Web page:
What To Do When Your Motorcycle Won't Start

A methodical approach on how to start a motorcycle when you push the button and your motorcycle doesn't start

It's a beautiful morning, the sun is shining, the birds are singing. All's right with the world. It's a perfect day for a ride. You pull on your riding gear, hit the switch, and the motorcycle gods toss you a curveball: Nothing happens. Now what? Here's how to start a bike that doesn't want to turn on.

How A Motorcycle Engine Works

Internal combustion engines need three things. They must have good-quality fuel, compression, and spark delivered to the compressed fuel-air mix at the appropriate time, or very close to it. Given those three items, an engine will run. Since the majority of you probably own bikes that start with a button, the fourth item you'll need is enough electrical energy to spin the starter.

Before You Start

Figuring out how to start a motorcycle that doesn't want to turn on becomes a game of ruling out issues. Basic troubleshooting requires little in the way of tools and skills. However, you should at least feel comfortable removing a spark plug, draining a carburetor, and using a multimeter. The tools needed to perform these basic chores can be purchased at any hardware store. I'd also recommend that you buy a factory service manual or its equivalent if you plan on keeping your bike past the warranty expiration date.

A motorcycle petcock.
If your bike won’t start, double-check that you have fuel and the kill switch is not switched to stop the operation of the bike.Motorcycle Cruiser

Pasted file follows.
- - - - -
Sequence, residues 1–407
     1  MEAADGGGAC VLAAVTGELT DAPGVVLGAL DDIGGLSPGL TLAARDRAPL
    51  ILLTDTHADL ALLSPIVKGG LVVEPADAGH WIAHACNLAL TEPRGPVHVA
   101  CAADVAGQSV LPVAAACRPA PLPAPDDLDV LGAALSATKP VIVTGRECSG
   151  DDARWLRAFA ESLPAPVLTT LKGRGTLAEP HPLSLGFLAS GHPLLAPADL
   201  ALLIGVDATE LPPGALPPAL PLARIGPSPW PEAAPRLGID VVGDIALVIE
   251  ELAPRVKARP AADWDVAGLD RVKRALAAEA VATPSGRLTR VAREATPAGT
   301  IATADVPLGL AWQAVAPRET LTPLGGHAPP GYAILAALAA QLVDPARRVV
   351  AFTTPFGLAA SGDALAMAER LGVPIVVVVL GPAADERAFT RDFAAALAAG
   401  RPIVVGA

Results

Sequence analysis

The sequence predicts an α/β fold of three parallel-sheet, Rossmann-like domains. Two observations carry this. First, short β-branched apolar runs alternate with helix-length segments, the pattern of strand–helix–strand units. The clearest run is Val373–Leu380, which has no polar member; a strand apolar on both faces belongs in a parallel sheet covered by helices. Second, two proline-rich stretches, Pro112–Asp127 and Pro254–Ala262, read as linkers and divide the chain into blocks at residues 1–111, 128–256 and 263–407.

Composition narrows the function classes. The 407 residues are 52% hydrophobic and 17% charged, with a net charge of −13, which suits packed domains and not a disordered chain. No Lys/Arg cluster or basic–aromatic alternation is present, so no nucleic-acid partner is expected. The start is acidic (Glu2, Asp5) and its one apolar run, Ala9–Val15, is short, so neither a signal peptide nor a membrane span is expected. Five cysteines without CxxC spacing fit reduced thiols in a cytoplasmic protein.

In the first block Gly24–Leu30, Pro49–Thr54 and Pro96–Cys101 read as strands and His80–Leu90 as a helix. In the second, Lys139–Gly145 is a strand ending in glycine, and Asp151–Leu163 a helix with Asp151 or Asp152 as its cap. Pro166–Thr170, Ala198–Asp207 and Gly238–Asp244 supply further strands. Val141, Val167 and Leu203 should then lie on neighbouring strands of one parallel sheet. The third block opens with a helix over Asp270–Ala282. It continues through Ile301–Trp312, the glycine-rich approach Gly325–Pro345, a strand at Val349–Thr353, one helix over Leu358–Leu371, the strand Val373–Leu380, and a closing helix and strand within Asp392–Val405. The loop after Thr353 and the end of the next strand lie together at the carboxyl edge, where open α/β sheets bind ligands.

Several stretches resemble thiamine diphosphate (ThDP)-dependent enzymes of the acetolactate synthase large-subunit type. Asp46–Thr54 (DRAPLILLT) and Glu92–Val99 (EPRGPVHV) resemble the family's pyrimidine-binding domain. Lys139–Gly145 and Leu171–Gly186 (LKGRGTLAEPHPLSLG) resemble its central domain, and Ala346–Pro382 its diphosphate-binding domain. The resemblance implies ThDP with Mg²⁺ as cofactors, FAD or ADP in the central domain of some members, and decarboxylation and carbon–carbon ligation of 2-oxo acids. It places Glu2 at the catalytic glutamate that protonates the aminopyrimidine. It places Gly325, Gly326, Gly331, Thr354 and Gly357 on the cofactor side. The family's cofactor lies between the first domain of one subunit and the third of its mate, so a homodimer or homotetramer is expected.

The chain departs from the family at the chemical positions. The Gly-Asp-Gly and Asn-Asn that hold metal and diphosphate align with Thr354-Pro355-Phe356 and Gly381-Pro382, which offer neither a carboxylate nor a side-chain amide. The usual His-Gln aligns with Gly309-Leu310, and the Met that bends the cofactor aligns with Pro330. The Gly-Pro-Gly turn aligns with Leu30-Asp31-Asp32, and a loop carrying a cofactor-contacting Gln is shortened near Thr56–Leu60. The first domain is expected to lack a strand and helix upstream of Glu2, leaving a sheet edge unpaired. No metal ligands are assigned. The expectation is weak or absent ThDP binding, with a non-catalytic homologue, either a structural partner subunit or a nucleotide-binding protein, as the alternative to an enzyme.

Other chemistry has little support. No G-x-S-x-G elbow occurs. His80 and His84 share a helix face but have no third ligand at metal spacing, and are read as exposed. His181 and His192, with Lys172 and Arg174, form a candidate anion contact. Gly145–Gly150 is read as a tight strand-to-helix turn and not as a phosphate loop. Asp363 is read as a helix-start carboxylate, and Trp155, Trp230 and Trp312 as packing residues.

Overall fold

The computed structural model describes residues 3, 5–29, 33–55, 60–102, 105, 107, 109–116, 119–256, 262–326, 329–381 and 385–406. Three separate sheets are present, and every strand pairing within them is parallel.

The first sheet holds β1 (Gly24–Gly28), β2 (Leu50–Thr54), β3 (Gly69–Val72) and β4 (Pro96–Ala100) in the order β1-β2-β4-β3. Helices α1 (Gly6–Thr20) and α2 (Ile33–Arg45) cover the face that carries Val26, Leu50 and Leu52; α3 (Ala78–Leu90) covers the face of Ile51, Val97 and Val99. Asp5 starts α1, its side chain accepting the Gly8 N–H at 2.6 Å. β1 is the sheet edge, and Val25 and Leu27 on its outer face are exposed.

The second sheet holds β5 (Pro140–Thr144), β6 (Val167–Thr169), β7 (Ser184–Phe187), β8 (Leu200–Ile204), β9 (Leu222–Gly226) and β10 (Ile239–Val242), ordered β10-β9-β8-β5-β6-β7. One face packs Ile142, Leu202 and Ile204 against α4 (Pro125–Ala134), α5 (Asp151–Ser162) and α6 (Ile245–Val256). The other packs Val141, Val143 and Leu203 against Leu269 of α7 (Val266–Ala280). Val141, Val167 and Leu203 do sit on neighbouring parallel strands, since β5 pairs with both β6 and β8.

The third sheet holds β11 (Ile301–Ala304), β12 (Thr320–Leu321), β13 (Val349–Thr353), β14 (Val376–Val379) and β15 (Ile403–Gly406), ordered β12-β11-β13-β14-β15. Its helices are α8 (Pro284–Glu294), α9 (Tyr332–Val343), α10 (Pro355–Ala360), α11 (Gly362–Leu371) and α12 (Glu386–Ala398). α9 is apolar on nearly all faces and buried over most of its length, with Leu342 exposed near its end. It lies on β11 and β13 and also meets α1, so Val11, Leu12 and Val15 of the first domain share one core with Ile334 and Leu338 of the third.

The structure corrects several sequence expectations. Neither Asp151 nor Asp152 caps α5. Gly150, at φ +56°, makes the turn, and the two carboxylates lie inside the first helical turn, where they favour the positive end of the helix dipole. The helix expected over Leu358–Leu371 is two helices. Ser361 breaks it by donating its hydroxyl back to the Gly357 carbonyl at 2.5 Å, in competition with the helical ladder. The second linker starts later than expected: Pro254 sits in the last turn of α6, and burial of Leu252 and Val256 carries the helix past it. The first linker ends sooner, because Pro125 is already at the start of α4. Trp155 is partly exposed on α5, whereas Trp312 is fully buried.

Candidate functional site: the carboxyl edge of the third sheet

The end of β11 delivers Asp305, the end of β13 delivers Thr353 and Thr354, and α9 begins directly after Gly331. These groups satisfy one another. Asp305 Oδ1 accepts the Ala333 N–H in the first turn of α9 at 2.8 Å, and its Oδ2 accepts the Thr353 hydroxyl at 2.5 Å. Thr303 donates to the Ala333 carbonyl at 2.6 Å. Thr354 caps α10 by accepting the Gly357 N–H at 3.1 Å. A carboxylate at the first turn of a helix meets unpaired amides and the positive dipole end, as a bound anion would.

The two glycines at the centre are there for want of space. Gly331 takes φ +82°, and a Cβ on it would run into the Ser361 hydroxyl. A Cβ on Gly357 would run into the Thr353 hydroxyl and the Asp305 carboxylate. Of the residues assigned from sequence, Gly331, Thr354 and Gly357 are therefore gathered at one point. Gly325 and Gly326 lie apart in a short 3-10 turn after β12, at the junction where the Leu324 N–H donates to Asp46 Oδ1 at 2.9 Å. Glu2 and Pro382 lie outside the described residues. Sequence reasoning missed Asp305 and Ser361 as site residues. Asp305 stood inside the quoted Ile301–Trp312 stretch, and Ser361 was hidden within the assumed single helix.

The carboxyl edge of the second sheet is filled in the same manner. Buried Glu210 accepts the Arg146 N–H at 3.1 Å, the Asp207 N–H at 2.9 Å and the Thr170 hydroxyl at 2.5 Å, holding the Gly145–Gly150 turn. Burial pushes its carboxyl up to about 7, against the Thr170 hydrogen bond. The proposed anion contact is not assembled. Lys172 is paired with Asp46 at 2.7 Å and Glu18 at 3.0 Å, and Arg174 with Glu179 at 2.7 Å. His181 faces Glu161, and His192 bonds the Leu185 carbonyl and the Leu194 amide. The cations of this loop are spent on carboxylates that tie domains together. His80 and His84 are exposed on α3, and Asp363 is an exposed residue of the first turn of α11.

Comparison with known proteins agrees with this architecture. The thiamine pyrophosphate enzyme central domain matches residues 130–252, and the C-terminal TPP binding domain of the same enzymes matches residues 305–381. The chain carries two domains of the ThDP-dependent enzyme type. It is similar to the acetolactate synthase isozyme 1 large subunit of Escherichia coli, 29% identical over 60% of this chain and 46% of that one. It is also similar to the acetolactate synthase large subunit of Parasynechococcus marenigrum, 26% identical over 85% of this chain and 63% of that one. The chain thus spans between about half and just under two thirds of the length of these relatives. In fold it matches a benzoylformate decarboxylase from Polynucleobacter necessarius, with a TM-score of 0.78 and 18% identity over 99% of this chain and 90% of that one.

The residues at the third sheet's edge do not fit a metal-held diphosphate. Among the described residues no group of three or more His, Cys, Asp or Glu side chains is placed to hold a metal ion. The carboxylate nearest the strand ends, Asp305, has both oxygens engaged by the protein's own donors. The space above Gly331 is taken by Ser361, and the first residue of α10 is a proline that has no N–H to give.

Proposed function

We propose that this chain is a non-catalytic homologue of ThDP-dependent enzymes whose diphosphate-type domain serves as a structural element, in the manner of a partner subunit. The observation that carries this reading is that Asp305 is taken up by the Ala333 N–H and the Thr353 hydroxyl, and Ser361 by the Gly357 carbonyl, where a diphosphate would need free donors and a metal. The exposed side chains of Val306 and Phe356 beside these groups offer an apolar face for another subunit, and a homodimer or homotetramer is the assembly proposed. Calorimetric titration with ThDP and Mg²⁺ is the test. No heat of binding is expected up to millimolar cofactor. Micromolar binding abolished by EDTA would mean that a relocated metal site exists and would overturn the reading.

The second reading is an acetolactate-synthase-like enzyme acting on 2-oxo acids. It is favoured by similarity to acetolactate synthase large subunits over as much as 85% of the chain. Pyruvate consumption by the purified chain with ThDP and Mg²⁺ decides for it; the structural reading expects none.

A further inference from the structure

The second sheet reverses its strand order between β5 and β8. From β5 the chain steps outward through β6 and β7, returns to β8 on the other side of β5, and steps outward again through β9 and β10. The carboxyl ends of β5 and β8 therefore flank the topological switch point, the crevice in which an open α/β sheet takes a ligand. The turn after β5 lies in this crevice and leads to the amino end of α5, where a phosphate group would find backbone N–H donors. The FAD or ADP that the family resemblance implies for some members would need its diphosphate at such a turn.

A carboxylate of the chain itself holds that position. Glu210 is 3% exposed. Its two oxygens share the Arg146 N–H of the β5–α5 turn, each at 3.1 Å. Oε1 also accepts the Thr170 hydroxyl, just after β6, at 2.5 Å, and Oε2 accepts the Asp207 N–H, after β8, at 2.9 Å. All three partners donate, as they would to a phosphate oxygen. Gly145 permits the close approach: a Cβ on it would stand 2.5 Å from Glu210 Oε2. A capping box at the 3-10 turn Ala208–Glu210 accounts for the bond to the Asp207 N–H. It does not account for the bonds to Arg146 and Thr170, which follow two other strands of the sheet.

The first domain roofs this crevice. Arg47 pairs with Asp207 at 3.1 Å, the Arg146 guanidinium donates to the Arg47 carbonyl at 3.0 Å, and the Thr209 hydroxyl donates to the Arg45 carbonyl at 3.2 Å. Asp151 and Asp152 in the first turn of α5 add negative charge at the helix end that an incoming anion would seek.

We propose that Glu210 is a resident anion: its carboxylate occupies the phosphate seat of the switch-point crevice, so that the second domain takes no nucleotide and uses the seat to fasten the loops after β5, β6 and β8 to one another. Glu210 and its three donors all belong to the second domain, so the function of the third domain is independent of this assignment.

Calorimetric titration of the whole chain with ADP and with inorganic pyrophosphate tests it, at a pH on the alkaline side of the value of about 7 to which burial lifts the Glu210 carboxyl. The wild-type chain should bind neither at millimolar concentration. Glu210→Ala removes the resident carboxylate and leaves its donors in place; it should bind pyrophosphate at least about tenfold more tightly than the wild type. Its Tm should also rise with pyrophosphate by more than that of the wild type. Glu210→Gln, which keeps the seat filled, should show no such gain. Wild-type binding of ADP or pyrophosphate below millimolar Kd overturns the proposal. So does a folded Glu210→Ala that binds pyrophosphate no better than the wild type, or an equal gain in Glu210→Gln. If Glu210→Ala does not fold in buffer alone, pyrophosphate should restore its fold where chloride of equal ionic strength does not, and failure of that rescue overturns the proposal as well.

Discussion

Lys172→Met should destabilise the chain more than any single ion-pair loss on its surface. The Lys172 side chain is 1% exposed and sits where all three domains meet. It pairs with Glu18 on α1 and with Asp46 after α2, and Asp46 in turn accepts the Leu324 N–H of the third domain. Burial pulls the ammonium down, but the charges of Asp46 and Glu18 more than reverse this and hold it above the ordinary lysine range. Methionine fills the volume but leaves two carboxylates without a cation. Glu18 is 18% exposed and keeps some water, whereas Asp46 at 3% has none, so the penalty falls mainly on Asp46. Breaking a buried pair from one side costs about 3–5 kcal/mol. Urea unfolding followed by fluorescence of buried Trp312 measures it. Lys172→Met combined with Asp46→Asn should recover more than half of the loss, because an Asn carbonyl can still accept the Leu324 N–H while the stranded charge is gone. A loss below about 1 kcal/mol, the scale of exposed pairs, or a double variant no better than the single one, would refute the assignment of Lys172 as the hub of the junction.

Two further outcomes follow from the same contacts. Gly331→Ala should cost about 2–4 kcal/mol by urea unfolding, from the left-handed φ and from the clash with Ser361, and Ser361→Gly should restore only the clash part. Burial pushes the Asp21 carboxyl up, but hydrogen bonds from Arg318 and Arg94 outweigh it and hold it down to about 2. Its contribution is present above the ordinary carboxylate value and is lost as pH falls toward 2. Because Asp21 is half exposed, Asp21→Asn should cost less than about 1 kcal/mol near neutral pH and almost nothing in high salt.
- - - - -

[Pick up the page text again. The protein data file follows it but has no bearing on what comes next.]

Verify Correct Motorcycle Starting Procedure

D'oh. I hate it when that happens! At the risk of seeming condescending, you did follow the correct starting procedure, didn't you? Every motorcycle has its starting drill. Many require that the clutch be held in, whether the bike is in gear or not, and some want the bike to be in neutral anytime it's on the kickstand. Before you panic, verify the starting procedure, especially if it's a new bike that you're not entirely familiar with. It may sound obvious, but make certain that someone hasn't moved the kill switch to off, especially if you have little urchins running around who love to sit on motorcycles when mom and dad aren't watching.

Motorcycle clutch safety switch can stop the operation of a motorcycle if faulty.
Check your kickstand and safety switches, making sure they are not corroded or damaged.Motorcycle Cruiser

Dead Motorcycle Battery Symptoms

If everything is in order and she won't even spin, the most likely culprit is a bum battery or something that's preventing the battery from doing its job. Most of us are familiar enough with the conspicuous signs of a dead battery: dim lights, a weak horn, and slow or no starter activity. Push the horn button; if the horn sounds anemic, the battery is probably the culprit.

If that seems to be the situation, it's time to charge or possibly replace the battery. Before you do though, check the battery terminal connections. It's possible the terminals are loose or corroded, and good cleaning and tightening are all they need. Follow that up with a voltmeter reading across the battery terminals, or a hydrometer reading of the cells. If the voltmeter reads above 12.2 volts (no load), 11.5 volts with the lights on, or the hydrometer reads less than 1.265 (less than four balls floating), it's time to service and recharge the battery.

Jump Starting A Motorcycle